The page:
Mining is an extremely important primary industry that supports our modern societies during development. Mining is the first step before building, expanding, and growing civilizations. It’s also the backbone of the modern global economy, since inventing new products is one of the main drivers of growth in our societies.

Very few materials are as strong and durable as metals. Biomass and plastics are worthy contenders – but they can’t match metals when it comes to ‘special properties’. Remarkable heat and/or electricity conductor characteristics, combined with low-density, make metals the favored material for plenty of modern products.

As our economies continue to seek growth and manufacture products at an ever-increasing rate, metal demand will undoubtedly increase. Additionally, the high-tech-dependent climate change targets set by countries around the world will require a considerable amount of metal. Green-tech like solar panels, wind turbines, or electric vehicles are made from many different metals, some of which are quite rare.

This upcoming ‘green revolution’ alone is projected to double clean tech’s current mineral demand by 2040 under our present policies – or up to 6 times our current demand by 2040 if the world aims for net-zero emissions in 2050.

Unfortunately, metal recycling won’t really help reduce primary supply that much, especially for high-tech devices [with our current technologies and waste management systems]. We’ll see why in detail in later sections, but the bottom line for now is that even with increased efforts and innovation in recycling processes worldwide – mining activity will still boom.

Procuring the metals required to transition to renewable technology will be difficult enough, but it doesn’t stop there. These technologies have the added challenge of ‘expiring’ every 20-40 years – so we can’t just complete the transition and stop mining [since recycling isn’t a perfect solution]. Note that the increasing digitalization of our societies is also increasing metal demand [e.g. sensors, IoT devices, servers, etc…].

A Few Clarifications

It’s important to be able to differentiate metals, minerals, ores, and rocks. Minerals are what’s being mined from rocks. They’re found in different concentrations [‘grades’] – where higher concentrations mean the mineral is abundantly present within the rock. Minerals are considered ‘ores’ when mining them becomes profitable. After extracting mineral ores, metals can be retrieved using different methods, but most are energy-intensive and polluting. Metals can then be mixed together to make alloys.

It’s also important to understand the difference between reserves and resources. A mineral reserve is the amount of mineral that we know exists and that we can mine for the current market price. In other words, reserves are the known profitable mining sites. A mineral resource, on the other hand, is the amount of mineral we know exists and could theoretically be mined in the future [i.e. there has to be a somewhat accessible mineral deposit]. Mineral resources are much larger than mineral reserves.

Typically, reserves are more profitable than resources [at any given point in time] because the minerals are found in higher grades. Hence, depleting reserves usually leads to the mining of lower grade mining sites.

Note that the same resource vs. reserve difference exists for metals, but requires the added step of estimating how much metal is contained in the mineral ore being mined.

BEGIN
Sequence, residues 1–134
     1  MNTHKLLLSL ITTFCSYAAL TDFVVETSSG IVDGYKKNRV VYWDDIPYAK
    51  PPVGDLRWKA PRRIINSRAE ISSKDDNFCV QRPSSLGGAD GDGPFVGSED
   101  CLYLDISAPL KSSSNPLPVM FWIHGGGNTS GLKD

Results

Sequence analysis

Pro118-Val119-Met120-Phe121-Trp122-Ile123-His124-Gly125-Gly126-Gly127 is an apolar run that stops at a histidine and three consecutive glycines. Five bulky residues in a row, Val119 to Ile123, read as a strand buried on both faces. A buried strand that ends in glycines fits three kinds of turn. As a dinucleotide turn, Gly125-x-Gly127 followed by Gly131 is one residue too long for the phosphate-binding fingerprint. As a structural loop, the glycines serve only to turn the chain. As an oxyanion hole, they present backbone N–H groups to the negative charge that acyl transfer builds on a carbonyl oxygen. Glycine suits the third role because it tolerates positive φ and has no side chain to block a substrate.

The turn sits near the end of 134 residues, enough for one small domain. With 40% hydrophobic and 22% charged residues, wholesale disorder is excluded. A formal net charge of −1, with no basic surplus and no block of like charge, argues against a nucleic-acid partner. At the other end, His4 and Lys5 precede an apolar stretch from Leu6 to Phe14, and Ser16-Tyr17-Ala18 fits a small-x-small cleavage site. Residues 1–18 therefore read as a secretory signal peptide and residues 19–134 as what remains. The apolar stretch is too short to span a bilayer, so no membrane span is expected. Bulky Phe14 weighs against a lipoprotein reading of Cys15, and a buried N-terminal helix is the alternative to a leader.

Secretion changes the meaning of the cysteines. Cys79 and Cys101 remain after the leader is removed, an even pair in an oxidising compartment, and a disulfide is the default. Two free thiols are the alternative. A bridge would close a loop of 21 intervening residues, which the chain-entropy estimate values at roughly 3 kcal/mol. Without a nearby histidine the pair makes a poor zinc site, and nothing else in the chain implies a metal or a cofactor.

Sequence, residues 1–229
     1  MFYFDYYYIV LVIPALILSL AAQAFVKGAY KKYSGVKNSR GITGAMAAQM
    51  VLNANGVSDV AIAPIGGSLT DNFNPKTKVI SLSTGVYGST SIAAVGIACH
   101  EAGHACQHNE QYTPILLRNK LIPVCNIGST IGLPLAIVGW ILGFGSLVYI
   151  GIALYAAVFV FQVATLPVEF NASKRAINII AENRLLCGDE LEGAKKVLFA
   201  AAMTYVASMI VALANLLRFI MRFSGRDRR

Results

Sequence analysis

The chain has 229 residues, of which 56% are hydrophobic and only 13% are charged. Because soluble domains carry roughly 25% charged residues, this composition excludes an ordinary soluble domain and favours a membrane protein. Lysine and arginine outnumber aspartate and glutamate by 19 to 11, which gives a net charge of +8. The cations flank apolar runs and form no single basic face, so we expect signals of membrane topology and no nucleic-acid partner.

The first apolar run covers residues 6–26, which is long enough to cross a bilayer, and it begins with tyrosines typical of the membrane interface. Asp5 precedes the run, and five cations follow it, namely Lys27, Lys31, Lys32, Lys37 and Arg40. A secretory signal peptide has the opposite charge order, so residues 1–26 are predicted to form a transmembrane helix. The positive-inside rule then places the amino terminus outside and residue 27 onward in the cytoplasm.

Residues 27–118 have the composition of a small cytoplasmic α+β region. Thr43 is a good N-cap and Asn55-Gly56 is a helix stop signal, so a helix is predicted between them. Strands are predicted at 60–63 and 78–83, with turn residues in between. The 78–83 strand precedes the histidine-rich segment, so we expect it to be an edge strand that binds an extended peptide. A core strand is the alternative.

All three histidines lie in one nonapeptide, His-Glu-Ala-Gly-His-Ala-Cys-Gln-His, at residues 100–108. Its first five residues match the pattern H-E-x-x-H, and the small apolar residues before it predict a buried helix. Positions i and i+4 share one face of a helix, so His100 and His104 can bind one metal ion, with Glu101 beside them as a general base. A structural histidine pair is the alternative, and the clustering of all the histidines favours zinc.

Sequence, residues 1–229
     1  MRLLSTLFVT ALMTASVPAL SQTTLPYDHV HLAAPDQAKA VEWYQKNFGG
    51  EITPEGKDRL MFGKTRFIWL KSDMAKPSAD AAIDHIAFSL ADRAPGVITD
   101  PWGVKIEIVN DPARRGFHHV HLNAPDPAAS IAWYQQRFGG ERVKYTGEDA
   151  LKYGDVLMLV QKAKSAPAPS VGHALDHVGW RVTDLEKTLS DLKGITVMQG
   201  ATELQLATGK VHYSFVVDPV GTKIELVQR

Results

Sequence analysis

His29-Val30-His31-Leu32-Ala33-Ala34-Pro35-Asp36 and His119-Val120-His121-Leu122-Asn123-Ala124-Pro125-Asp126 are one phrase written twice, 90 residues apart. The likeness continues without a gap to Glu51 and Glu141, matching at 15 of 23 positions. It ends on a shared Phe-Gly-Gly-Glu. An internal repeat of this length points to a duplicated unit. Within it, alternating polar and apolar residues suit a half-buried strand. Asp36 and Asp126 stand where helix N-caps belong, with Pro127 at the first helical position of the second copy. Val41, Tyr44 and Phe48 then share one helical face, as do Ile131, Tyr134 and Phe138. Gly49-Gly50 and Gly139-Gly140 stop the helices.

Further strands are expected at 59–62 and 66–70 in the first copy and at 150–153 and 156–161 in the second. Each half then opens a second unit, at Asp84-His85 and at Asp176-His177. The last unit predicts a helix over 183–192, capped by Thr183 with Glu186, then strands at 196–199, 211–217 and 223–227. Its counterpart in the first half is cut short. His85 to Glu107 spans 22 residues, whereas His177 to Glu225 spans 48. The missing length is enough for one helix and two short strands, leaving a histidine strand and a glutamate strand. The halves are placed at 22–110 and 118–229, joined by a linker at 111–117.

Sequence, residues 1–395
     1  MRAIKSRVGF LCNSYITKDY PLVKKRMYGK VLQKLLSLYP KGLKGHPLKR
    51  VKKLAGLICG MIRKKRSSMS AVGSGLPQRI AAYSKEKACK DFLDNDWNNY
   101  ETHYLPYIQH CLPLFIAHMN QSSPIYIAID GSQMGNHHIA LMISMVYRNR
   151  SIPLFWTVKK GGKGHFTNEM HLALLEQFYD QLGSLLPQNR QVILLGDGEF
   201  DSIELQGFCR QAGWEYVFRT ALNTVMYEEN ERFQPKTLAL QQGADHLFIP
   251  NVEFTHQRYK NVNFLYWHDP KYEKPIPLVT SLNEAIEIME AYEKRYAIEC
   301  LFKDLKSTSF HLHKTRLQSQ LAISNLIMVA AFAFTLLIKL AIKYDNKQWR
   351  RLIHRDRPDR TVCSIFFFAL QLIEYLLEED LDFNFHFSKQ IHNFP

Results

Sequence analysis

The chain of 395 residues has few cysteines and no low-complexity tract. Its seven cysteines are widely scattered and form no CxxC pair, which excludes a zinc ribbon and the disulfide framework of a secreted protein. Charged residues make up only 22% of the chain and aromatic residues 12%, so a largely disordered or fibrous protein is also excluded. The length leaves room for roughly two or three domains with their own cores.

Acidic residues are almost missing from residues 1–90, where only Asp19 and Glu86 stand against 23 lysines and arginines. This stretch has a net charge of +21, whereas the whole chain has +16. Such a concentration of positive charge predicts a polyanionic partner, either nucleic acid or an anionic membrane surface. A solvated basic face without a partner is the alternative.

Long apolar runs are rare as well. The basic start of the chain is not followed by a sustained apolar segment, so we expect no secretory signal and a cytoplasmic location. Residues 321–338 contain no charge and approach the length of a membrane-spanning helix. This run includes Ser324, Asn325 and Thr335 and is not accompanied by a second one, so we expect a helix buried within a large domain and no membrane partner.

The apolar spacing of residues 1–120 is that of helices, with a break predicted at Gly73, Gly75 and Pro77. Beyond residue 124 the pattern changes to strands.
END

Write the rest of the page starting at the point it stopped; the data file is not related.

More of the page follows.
Continuous Mining Cycles

Faced with an ever-increasing demand, the mining rate continues to grow. Since recycling doesn’t affect mining activity too much, we’re going through reserves at a furious pace. These reserves are depleting, meaning that some metals are becoming rarer – and are therefore becoming more valuable. As the price for these metals rises, mining companies can afford to mine other sites that have now just become profitable, because they can sell the metal at higher prices. With this system, it would seem that we won’t be running out of metals in the near future, since we can just tap into the extremely large resources every time reserves are depleted.


Unfortunately, that takes a toll. Mines pollute all along their life-cycle, contributing to both climate change and biodiversity loss. Between metal leaching, acid rock drainage, tailing dam failures, decreases in the local water table elevation, dust and noise pollution, and vibration caused by mining blasts – it’s clear that mines can pollute their environment in a number of ways. As for unregulated mines, and mines that end up exceeding their ‘close & clean-up’ budgets, it can get much worse.

While mineral extraction requires energy [often provided by fossil fuels], that usually isn’t the most energy-intensive step in the metal production process. That accolade goes to the refining plants, where metals are extracted from their mineral ores. These plants employ energy-intensive and/or chemical-heavy processes to separate the metals – so that’s not great. Additionally, there may be multiple steps required before being able to produce the final metal, which only increases energy consumption [as is the case for steel or aluminum].

High energy requirements mean high pollution levels, especially when fossil fuels dominate the industry’s energy mix. For example, the iron & steel industry accounted for roughly 5.8% of global CO2 emissions in 2018 [2.1 of 36.42 billion tonnes], with coal meeting 74% of the industry’s energy demand. Alas, many metals are even more polluting than iron & steel per unit weight produced– but fortunately their demands aren’t as high as iron & steel’s.

Back to It